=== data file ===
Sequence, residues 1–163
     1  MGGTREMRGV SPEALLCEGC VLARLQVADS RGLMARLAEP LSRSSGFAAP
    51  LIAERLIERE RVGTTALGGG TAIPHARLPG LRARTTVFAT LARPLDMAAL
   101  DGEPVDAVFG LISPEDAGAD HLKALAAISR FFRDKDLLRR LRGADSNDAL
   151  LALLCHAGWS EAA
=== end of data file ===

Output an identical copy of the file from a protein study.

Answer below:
Sequence, residues 1–163
     1  MGGTREMRGV SPEALLCEGC VLARLQVADS RGLMARLAEP LSRSSGFAAP
    51  LIAERLIERE RVGTTALGGG TAIPHARLPG LRARTTVFAT LARPLDMAAL
   101  DGEPVDAVFG LISPEDAGAD HLKALAAISR FFRDKDLLRR LRGADSNDAL
   151  LALLCHAGWS EAA